Wheat drying can be accomplished only up to 18- to 20-foot depths.

"But if we go beyond that, it really restricts the air flow. You might have a 40,000-bushel bin, and you can only fill it two-thirds full if you're going to dry in it. If you fill it all the way to the top, you don't have enough air flow to dry that grain."

Drying corn, propane supply

With this year's corn, farmers generally have been hoping the crop gets to physiological maturity by Oct. 1. But much of that corn this year will likely be wet -- up to 35 percent moisture, Hellevang says. October temperatures likely won't dry the corn sufficiently, so supplemental heat will be needed.

Farmers in the northern part of North Dakota have had damper conditions and later harvests, so more are set up with supplemental heat.

Hellevang says farmers needn't buy an over-sized heater.

"You can go out and buy a 1 million Btu heater, and you may only need a small heater -- I'm talking 100,000 Btus, depending on the size of the bin you're working with," Hellevang says.


Last year, farmers worried about a propane shortage as a result of the pending shut-down and reversal of the Cochin Pipeline in Carrington, N.D., and slow rail service. Now, large rail-fed depots have been installed to make up for some of the difference.

"It should be better than what we had last year," Hellevang says. "The industry is making adjustments to supply us with propane. One of the things we have working against us this year is we've had a fair amount of high-temperature wheat drying that's already occurring," which has used up some of the supply that farmers or co-ops had laid in.

There might be "a little window" between wheat and corn drying, but the key will be October weather.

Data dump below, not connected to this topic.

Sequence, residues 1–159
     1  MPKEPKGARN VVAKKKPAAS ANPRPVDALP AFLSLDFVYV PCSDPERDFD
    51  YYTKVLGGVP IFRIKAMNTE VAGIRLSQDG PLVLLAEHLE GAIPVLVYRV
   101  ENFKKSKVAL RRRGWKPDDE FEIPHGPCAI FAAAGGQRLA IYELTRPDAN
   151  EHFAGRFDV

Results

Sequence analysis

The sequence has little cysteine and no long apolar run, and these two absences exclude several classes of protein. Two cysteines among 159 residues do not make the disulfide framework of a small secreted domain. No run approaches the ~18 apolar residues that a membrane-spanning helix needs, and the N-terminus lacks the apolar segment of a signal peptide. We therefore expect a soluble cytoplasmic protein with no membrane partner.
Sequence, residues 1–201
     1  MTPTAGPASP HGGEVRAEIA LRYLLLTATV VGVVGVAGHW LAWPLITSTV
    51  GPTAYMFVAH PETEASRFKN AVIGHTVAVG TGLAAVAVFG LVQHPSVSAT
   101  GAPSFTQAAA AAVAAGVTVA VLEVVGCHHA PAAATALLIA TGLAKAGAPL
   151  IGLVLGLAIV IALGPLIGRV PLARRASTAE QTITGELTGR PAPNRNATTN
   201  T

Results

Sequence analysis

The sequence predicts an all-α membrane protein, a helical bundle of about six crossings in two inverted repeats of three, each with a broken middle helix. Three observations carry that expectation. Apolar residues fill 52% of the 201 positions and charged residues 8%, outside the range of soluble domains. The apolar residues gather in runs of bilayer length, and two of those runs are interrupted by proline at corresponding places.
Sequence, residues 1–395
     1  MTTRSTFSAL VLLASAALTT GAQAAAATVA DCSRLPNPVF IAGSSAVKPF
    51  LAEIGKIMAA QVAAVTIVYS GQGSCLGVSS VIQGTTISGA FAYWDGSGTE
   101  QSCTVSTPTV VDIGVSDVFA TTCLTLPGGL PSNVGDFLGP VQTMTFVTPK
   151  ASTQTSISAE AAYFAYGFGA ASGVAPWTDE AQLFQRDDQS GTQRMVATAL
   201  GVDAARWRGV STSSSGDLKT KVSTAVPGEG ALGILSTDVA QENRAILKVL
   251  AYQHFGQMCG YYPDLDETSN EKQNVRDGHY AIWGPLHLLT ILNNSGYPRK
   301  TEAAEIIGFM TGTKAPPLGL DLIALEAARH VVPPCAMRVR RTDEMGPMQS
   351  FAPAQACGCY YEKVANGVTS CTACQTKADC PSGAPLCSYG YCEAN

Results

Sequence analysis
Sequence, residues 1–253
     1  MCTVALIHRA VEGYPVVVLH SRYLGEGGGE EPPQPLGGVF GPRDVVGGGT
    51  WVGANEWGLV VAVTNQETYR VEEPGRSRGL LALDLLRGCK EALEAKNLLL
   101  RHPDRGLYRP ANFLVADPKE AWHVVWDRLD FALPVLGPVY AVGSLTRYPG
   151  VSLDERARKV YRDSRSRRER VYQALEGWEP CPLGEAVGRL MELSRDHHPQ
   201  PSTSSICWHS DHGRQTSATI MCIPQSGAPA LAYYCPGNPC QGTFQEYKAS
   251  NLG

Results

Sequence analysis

"If we get caught with wet soybeans then we'll have to dry soybeans, as well as very wet corn," Hellevang says. "I hear a number of people starting to weigh the economics of that. If I'm looking at $3 corn, can I afford to spend the money to dry it? If the corn is 20 percent moisture, it probably makes sense. If corn is 25 percent moisture, the economics are entirely different.

"We're seeing a lot of frosted corn and that's going to be another issue," Hellevang says. "Not only is North Dakota going to be looking at later maturity and wetter corn, but it's going to affect a wider area."

Generally, the harvest and drying season looks full of challenges, Hellevang says.

Hellevang and colleague Joel Ransom at NDSU say with $2-per-gallon propane, 120-bushel-per-acre corn yields and $3-per-bushel prices, mature corn could break even with roughly a 13 percent yield loss in the field, or 16 bushels per acre.

If farmers have light test weight corn that is going to be discounted heavily, they'll likely let it stand in the field. If they have high-quality, 57-pound test weight corn it's probably worth enough to dry it.


"It's a judgment call farmers need to make," Hellevang says.